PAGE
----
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Heart Of The Matter: Sandi Patty
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There are many reasons music lovers around the world (including Bill and Gloria Gaither) hold Sandi Patty in such high esteem. First of all, of course, there’s “The Voice.” Her extravagant talent and astonishing multi-octave vocal ability sparked a career that has spanned over 30 years, including performances at everything from presidential inaugurations to the Indianapolis 500. She has appeared on numerous television specials, sold over 11 million records and is the single most accoladed female singer in the history of gospel music with an astounding 39 Dove Awards, five Grammys and four Billboard Music Awards. But surprisingly it’s not just Sandi’s spectacular successes that have earned the respect of so many friends and fans—it’s the way she has risen, with honesty and humility, from her equally spectacular failures.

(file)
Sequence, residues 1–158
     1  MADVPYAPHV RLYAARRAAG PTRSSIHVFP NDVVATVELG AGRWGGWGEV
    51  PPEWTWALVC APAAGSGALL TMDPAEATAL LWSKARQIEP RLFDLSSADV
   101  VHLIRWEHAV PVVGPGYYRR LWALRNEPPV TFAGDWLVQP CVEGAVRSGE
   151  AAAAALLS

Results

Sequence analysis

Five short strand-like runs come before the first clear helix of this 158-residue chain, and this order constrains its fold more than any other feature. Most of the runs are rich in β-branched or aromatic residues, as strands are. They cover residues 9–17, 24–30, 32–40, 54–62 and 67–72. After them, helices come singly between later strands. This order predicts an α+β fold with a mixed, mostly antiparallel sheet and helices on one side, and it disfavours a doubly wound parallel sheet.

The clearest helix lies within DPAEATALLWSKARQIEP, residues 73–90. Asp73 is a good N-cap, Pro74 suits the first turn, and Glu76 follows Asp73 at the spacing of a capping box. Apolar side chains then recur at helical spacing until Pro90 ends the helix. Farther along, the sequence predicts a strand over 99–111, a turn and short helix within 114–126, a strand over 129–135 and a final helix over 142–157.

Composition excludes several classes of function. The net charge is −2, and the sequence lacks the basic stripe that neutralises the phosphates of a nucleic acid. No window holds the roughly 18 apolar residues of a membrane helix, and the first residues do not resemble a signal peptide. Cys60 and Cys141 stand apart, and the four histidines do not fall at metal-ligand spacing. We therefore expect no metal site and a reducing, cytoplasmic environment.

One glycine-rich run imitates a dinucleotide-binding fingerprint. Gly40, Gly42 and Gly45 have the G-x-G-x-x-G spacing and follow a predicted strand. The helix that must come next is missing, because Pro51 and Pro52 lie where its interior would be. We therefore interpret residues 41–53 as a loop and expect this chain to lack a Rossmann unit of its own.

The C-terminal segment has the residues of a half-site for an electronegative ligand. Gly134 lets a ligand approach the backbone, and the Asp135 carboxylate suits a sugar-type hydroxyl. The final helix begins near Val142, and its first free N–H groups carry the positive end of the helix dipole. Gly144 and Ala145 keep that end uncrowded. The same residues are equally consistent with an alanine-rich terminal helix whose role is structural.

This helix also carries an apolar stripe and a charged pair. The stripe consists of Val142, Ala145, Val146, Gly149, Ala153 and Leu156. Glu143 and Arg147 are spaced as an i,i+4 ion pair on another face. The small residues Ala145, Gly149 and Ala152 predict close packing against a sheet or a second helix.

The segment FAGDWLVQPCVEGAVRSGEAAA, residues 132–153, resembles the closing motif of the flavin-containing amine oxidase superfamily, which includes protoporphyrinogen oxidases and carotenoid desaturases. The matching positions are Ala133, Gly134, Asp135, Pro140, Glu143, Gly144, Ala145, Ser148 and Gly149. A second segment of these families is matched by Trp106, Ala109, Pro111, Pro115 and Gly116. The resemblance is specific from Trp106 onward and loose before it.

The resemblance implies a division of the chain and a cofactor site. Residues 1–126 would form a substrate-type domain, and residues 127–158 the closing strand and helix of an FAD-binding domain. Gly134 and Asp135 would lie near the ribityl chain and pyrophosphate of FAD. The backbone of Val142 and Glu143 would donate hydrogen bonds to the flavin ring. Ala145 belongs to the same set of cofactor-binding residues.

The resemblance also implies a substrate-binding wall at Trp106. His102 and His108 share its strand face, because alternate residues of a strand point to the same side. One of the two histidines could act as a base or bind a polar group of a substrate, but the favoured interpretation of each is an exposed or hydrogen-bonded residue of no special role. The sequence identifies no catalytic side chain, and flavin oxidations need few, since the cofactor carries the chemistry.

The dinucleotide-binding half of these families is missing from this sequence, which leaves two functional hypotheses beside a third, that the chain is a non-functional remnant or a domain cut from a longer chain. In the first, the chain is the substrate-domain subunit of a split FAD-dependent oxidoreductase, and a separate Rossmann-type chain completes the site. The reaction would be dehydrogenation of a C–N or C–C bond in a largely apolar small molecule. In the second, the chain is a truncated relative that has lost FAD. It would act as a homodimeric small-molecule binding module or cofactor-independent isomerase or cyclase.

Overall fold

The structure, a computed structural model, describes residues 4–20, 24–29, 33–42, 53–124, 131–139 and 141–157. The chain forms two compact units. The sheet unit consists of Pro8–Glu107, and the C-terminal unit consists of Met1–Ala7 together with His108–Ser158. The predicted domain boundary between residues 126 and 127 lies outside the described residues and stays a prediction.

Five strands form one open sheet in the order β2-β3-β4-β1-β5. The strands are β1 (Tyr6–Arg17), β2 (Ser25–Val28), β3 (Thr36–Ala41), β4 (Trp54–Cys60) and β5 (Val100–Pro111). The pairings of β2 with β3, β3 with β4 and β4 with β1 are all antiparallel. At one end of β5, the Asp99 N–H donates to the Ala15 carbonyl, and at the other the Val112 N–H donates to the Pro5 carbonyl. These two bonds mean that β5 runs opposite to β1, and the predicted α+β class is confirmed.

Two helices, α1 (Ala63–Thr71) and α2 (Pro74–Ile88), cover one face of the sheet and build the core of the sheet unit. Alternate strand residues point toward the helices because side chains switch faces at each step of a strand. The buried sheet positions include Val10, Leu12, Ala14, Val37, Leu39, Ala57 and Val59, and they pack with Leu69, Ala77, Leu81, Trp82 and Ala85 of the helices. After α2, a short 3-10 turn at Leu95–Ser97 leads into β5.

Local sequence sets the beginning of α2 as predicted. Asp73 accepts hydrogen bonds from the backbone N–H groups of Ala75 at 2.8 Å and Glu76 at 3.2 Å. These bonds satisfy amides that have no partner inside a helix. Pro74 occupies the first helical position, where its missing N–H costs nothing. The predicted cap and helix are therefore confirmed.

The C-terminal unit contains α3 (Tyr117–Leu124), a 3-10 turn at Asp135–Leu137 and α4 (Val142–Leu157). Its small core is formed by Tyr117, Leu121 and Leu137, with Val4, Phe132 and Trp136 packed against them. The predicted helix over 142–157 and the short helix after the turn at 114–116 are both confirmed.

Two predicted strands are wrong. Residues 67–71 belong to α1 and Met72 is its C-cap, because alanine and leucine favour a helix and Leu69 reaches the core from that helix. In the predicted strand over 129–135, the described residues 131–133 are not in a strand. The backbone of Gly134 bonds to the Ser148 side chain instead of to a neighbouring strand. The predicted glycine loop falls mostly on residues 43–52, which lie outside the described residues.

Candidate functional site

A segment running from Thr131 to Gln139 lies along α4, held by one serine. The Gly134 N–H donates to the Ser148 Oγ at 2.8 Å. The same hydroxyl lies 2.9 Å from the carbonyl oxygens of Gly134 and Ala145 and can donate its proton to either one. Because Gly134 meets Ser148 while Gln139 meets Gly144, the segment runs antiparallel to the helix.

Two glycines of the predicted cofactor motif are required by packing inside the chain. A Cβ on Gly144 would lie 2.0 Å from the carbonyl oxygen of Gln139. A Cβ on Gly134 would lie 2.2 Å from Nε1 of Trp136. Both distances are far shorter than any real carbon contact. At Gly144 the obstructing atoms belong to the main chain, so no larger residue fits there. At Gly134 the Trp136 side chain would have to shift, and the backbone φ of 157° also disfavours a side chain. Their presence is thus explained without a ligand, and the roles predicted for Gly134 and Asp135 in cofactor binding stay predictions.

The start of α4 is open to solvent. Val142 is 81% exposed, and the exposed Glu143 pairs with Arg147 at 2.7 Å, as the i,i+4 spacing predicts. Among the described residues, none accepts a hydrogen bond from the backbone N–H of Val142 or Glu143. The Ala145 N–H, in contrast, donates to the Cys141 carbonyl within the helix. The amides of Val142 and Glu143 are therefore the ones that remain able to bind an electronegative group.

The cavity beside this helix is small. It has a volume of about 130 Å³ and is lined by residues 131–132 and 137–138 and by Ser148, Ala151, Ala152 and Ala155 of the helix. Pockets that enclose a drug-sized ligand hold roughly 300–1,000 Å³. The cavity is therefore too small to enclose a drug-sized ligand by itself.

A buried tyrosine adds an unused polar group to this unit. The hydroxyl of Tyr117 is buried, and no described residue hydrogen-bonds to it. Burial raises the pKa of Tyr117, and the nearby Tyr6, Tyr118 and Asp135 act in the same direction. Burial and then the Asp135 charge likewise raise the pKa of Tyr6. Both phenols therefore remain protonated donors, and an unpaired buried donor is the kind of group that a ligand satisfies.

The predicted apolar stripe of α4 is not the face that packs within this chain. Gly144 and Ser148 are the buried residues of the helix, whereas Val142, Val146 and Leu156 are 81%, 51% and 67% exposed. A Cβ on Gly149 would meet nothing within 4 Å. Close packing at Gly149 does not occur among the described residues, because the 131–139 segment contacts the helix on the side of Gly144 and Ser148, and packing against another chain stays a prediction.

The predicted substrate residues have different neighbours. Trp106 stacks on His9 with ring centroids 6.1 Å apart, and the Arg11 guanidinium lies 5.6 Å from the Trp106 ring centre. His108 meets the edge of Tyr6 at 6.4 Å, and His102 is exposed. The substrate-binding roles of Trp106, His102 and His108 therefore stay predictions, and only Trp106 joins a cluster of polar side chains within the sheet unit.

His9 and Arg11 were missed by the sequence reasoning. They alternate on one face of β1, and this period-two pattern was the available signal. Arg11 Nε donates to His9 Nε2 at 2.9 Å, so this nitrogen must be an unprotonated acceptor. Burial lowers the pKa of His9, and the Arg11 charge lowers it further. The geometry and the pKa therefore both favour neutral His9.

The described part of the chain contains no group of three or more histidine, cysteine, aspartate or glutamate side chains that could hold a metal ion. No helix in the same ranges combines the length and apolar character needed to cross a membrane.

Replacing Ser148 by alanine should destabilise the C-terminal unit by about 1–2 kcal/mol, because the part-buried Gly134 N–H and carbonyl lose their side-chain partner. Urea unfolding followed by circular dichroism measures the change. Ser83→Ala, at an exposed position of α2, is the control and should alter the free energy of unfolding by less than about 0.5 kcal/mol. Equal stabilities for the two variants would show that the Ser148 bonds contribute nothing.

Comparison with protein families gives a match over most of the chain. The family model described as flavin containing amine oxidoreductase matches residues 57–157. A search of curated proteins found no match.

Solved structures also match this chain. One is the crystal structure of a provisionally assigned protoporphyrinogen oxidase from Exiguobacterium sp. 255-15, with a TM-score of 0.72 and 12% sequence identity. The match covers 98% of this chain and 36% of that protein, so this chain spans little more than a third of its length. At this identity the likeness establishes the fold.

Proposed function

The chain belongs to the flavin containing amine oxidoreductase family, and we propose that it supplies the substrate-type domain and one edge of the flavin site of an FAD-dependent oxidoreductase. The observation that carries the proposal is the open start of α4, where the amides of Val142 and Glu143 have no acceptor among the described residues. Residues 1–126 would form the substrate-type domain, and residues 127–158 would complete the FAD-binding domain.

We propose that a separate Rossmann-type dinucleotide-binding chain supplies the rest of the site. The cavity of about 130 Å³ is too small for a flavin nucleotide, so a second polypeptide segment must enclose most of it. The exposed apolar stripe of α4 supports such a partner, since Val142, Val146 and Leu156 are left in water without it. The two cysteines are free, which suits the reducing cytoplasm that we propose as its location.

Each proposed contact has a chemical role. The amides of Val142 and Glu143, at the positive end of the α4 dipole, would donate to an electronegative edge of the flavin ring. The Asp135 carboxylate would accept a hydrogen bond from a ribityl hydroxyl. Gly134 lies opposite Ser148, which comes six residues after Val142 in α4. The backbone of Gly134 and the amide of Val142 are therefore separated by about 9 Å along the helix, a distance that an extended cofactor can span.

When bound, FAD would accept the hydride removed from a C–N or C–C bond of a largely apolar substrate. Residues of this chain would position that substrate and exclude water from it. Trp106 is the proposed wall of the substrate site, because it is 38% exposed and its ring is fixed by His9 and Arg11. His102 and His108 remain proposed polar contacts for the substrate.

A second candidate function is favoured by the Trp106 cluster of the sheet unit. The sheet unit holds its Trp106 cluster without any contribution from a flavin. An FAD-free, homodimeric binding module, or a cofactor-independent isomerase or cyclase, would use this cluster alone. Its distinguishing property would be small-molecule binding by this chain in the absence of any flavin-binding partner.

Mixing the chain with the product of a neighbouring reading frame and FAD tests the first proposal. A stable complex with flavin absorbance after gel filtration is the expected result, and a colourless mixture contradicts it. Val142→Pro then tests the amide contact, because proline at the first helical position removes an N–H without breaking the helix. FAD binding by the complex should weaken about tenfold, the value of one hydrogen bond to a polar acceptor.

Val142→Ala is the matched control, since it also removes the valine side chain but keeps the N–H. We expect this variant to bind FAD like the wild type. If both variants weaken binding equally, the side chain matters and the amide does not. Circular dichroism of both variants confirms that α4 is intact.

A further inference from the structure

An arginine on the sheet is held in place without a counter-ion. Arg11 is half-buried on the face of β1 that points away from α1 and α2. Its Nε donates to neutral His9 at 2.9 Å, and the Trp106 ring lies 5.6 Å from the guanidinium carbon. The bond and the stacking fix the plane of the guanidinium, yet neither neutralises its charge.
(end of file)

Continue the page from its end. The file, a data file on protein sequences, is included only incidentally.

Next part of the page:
In 1992, Sandi had a very shocking and public fall from grace after an infidelity scandal and subsequent divorce stunned the industry, devastated her family and brought her wildly successful career to a screeching halt. Humiliated and broken, Sandi left the road and began a long, painful process of biblical restoration and accountability through her home church in Indiana. In 1995, she married Don Peslis and entered the most difficult and rewarding chapter of her life as together they created a blended family of EIGHT children — three of his, four of hers and one of theirs! I recently had a chance to talk with Sandi and hear for myself her amazing story of the redemptive power of God’s love and grace.

“OK, let me give you the lineup,” Sandi begins with a laugh. “Anna is 27, the twins Jon and Jenn are 23, Donnie is also 23, Aly is 22, Erin is 21, Mollie is 19 and Sam is 15.” While I’m still reeling, she adds, “But just remember —16 years ago when Don and I got married, they were all under 11!” She pauses to let that sink in and then says with a sly smile, “Those were the years I used to tell my women friends that I could be their happy thought when they were having a hard day with their kids, because no matter how bad it was they could always say, ‘Well, at least I’m not Sandi!”